Displaying items by tag: Irish Shipping Ltd
The Irish Times has details of a 'secret' memo sent by then Minister for Communications Jim Mitchell addressed to the Government that questioned the judgement of then Finance Minister Alan Dukes in forcing the wind-up of the company.
According to Mitchell, there was "considerable merit in keeping ISL in operation until the end of 1985" despite requiring a further £20 million in State funds.
But another letter in the papers, this time from Dukes to Mitchell, argued that the memo represented "a direct questioning of my authority and competence".
ISL was eventually liquidated on 14 November 1984, a date marked by a reunion of former employees in Dublin last month.
The Irish Times has more on the story HERE.
#ISL30thReunion- Irish Shipping Ltd, the state-owned deep-sea shipping company that was liquidated 30 years ago was marked by former employees attending a reunion that was held on Friday in the Conrad Hotel, Dublin, writes Jehan Ashmore.
In recognition of the date's significance (14 November 1984) in Irish maritime affairs, the reunion attracted around 80 former seafarers and shore-staff. Despite the rather inclement weather they gathered at the city-centre venue to commemorate the event.
The origins of ISL stem from the outbreak of WW2 in 1939 which led to the Irish Government in 1941 to incorporate the state-shipping company. It was realised the stark reality of not having an Irish flagged fleet to meet the strategic importance of ensuring critical food and cargoes supplies to our dependent island. To distinguish Ireland's neutral position, the ships had the Irish flag and 'Eire' painted on the hulls.
According to Gerry McGovern, the reunion was attended by many Captains and stealing the show was Able Seaman, Desmond Brannigan who sailed in the Irish Poplar in 1941. A young photographer at the event asked Des, "Did the ship have the Irish colours painted on the side?" "It sure did" said Des, "we were bringing food to this country while fellows were trying to kill us, but we made it". Des is one of the last to brave the North Atlantic on an Irish flag ship during the war.
In 1942 the Irish Pine was sunk by U-Boat torpedo with the loss of all 33 crew members. A year later, Irish Oak was also a victim yet fortunately all crew were saved by fleet-mate Irish Plane and taken ashore to Cobh. Asides the stricken ISL ships, there were an additional 14 vessels from the Irish-registry lost during WW2.
Returning to the reunion, a mix of those who served a career at sea from throughout the various departments of deck, engine and catering chatted along with shore-staff office personnel. It was a night to remember, with lots of sea stories being told and some from a time long past!
Also in attendance were the four Wexford authors who produced the excellent book, 'Irish Shipping Ltd- A Fleet History'. The publication traces all the vessels of the grey-hulled fleet that reached the four corners of the world and proudly under the Irish flag!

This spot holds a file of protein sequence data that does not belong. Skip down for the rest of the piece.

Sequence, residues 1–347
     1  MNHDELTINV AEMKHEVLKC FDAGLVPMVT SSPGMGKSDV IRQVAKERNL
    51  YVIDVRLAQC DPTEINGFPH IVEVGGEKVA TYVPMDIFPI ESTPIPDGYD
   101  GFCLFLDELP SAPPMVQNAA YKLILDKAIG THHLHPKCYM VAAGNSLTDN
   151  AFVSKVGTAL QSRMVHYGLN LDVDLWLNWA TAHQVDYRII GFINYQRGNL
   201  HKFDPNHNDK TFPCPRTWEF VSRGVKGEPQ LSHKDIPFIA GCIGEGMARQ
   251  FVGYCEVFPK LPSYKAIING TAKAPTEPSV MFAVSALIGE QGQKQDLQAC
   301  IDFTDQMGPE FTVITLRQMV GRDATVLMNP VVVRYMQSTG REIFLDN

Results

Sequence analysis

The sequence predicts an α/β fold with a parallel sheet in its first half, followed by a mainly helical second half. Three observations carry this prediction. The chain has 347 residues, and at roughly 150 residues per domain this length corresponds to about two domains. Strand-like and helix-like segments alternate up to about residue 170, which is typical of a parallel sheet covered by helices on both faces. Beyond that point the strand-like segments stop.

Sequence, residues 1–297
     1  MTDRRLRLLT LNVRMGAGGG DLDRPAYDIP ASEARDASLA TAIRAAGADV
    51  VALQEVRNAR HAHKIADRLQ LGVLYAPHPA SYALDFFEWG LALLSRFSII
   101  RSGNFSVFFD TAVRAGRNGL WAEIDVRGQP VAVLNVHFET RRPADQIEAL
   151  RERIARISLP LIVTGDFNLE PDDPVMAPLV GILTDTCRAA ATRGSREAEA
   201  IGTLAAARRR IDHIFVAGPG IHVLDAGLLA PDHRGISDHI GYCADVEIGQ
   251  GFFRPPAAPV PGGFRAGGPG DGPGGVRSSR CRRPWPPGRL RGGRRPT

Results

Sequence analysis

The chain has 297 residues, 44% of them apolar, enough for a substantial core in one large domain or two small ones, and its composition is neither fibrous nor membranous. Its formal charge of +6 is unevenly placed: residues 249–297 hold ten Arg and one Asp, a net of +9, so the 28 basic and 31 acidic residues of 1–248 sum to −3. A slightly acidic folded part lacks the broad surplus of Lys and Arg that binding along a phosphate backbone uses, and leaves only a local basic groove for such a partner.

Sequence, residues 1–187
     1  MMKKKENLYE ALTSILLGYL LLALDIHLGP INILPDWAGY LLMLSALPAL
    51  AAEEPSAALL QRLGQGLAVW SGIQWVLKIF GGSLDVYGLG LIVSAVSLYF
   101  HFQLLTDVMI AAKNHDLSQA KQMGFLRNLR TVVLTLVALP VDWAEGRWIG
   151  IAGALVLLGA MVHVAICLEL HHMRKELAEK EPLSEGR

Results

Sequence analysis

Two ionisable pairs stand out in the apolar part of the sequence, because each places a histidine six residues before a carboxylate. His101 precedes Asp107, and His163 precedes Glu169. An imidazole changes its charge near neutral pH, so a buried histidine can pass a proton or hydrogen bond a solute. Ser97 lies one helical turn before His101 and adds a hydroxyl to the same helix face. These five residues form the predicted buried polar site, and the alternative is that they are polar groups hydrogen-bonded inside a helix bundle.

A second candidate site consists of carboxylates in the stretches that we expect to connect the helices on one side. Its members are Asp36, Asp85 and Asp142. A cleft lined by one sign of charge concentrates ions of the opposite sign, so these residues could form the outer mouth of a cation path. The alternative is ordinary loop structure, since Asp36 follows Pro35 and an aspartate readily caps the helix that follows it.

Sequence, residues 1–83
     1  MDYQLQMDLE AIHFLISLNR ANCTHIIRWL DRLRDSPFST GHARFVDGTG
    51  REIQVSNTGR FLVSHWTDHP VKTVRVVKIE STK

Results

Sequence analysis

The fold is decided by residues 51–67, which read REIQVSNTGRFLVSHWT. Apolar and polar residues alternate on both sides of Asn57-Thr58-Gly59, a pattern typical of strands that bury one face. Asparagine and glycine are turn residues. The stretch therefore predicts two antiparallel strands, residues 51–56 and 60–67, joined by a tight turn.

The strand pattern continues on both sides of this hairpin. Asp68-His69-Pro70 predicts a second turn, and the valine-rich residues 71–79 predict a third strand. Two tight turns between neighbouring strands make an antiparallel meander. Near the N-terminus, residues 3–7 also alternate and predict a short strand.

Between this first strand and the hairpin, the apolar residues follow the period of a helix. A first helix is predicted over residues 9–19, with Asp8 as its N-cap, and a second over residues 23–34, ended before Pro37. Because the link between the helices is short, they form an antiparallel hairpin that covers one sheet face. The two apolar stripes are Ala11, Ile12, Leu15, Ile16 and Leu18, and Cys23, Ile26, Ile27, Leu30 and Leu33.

ISL's fleet numbered 51 during the course of the company's 43 year existence. They were given a naming theme, where the prefix 'Irish' was followed by a name of a tree species. Examples, been the Irish Ash (painting by Kenneth King), Larch and Willow. There was the exception with two 'Star' vessels that were built for long-term charter.
As the company spanned several decades, most of these ship names were repeated and became well known in Irish shipping circles and in ports throughout foreign shores.
As previously referred, the Irish Willow (3) was a general cargoship of 1,743 tonnes built in Scotland and her sister Irish Fir was built at the former Liffey Dockyard Ltd. The current related business albeit in the form of ship-repair and maintenance firm Dublin Graving Docks Ltd is located nearby to the site of the old shipyard in Alexandra Basin.
The dry dock is currently occupied by an Arklow Shipping Ltd vessel, the dry-cargo bulker Arklow Willow (click report and for photo), whose name is aptly similar to ISL's vessel tree naming theme.
She is the only ASL ship to feature a 'tree' name from a 45-strong fleet that is in the majority under the Irish tricolour with the balance Dutch-flagged.
#[email protected] – Irish Shipping Ltd had vessels built in the UK, outside Europe and notably during the tenure of Verolme Cork Dockyard which launched larger vessels before the 1984 closure of the company, writes Jehan Ashmore.
It should be also noted when ISL was formed in 1941, this included taking on the abandoned Cork dock 'yard' that was Rushbrooke Dockyard, where such facilities date to 1853. The yard allowed their ships to be repaired at the newly created Cork Dockyard Ltd.
The yard would change hands in 1959 as ISL invited Dutch shipping magnet Cornelius Verolme to purchase the dockyard and develop the Irish shipbuilding industry. Under the leadership of Verolme, 33 vessels were launched for various owners from the yard that at its peak employed 1,500 workers. For 25 years shipbuilding and offshore installations took place at the yard until its closure in 1984.
More than a decade later, the yard site was purchased in 1995 by the Burke Group. The 44-acre facility was reopened under the same name of Cork Dockyard Ltd running as a ship-repairer, engineering and fabrication business.
In the year before ISL's collapse, V.C.D. built the 'Panamax' bulk-carrier Irish Spruce. At almost 72,000dwt /40,000grt, she was easily the largest ever ISL ship built. In 1983 she was launched down the slipway at Rushbrooke onto the River Lee.